Dr. Parkinson said, “We’ve seen this type of swelling on scans before, but never so pronounced because of one type of vaccine,”(7)
Axillary adenopathy seems to be a common side effect of receiving the vaccine. However, this doesn’t necessarily mean that it’s normal. Dr. Parkinson said himself that this has never been observed from a single vaccine before.
There is no study to observe the long-term effects of swollen lymph nodes to this degree, yet. The SBI recommends waiting 4-12 weeks after receiving the second dose of a COVID-19 vaccination because it takes approximately that long for the swelling to go down.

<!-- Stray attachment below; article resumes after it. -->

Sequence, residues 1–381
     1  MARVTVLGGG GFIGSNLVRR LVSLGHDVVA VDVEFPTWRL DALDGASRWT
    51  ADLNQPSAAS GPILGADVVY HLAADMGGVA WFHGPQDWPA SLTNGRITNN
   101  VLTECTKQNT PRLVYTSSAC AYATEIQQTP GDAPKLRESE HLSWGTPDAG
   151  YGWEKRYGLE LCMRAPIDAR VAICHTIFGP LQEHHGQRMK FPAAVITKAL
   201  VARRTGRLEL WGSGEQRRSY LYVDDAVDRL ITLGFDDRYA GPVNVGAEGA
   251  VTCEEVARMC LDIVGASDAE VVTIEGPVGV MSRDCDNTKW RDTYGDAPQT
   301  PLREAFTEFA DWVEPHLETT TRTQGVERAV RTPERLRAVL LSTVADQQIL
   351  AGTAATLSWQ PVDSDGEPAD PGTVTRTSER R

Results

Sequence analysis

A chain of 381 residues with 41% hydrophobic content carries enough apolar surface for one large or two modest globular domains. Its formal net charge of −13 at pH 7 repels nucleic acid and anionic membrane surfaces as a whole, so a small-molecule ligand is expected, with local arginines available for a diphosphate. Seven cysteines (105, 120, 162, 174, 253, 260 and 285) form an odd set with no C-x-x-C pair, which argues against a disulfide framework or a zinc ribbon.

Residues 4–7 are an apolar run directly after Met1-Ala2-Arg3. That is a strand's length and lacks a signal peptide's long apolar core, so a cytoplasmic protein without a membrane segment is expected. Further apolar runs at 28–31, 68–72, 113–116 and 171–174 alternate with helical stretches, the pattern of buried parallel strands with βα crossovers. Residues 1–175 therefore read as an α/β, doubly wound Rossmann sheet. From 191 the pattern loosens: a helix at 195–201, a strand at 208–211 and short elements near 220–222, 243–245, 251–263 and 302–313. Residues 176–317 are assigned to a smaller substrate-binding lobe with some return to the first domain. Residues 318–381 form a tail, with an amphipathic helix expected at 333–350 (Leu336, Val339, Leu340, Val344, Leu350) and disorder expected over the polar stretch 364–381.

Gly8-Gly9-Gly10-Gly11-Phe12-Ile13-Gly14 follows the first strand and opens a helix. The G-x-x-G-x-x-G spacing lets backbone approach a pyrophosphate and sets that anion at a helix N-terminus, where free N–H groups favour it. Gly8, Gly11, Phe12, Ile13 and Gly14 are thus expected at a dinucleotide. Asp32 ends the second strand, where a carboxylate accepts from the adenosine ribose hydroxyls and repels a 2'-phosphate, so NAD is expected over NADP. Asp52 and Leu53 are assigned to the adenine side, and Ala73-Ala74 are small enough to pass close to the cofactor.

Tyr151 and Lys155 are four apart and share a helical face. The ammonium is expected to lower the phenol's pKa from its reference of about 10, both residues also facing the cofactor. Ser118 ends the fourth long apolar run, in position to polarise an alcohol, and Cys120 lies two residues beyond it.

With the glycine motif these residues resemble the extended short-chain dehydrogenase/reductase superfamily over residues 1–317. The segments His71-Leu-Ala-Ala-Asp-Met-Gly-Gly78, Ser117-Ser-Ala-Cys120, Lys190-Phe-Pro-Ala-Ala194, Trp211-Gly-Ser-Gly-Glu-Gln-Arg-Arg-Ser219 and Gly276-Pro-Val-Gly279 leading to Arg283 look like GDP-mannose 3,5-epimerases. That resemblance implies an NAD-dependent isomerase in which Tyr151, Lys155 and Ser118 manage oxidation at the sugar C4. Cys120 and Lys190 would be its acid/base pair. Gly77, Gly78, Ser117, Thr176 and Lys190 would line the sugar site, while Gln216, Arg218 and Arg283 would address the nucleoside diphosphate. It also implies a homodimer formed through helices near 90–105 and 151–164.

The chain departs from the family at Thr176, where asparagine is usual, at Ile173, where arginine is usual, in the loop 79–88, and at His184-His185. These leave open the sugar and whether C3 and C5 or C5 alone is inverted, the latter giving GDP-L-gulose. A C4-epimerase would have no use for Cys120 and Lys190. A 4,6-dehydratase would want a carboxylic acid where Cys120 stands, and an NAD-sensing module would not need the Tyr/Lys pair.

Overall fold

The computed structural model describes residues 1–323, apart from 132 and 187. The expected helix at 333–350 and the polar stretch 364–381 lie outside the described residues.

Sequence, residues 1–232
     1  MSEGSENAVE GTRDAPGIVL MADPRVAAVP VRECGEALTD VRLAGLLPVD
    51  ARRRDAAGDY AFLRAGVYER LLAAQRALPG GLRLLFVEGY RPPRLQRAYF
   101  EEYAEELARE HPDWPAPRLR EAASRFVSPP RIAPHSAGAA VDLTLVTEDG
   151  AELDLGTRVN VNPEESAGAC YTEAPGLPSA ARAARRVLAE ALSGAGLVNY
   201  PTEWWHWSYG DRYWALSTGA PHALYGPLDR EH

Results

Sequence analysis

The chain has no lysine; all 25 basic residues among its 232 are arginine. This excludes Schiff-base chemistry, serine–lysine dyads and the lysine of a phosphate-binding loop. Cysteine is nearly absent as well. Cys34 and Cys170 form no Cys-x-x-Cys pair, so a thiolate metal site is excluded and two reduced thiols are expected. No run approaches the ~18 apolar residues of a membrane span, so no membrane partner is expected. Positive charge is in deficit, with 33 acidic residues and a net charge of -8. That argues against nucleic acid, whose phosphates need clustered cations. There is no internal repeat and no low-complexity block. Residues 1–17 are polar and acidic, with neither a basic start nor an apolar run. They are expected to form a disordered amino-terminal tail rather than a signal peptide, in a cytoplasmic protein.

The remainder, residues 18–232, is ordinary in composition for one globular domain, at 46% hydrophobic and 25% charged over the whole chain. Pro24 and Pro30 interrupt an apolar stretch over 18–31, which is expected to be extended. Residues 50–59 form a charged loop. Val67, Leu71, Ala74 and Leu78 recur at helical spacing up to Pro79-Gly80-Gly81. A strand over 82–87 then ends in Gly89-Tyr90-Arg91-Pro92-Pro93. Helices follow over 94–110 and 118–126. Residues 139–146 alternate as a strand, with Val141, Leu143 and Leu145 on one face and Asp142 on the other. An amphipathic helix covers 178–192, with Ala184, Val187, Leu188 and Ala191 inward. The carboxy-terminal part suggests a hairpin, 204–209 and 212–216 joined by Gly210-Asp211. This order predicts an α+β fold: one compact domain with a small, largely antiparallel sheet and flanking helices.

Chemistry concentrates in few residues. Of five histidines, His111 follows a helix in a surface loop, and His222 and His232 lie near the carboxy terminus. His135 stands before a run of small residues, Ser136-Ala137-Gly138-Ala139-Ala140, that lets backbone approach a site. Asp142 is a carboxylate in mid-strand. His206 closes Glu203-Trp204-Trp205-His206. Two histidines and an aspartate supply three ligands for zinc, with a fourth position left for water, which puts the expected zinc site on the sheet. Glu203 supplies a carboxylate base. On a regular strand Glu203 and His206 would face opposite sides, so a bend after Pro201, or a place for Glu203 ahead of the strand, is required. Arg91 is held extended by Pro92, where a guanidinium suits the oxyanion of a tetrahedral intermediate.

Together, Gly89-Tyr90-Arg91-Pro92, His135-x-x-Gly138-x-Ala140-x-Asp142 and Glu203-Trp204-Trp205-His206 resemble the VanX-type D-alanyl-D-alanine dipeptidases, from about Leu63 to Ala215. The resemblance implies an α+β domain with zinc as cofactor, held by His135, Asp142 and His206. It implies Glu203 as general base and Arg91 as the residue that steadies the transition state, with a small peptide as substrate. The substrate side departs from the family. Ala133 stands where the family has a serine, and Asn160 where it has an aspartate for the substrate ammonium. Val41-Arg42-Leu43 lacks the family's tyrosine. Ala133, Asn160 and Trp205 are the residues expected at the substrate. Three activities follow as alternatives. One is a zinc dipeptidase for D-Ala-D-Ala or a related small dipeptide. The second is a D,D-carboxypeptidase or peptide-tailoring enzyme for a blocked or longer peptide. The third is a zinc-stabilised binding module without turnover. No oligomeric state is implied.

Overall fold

The statement from the SBI also mentions that, “If axillary adenopathy persists after short term follow up, then consider lymph node sampling to exclude breast and non-breast malignancy.” (8)
This could mean that there is a slight chance that the swelling takes longer to go down or might never go down which would signal a larger underlying issue.
Since there no real study observing the COVID-19 vaccination’s role in axillary adenopathy and its long-term effects, people’s approach to this vaccination should be with caution.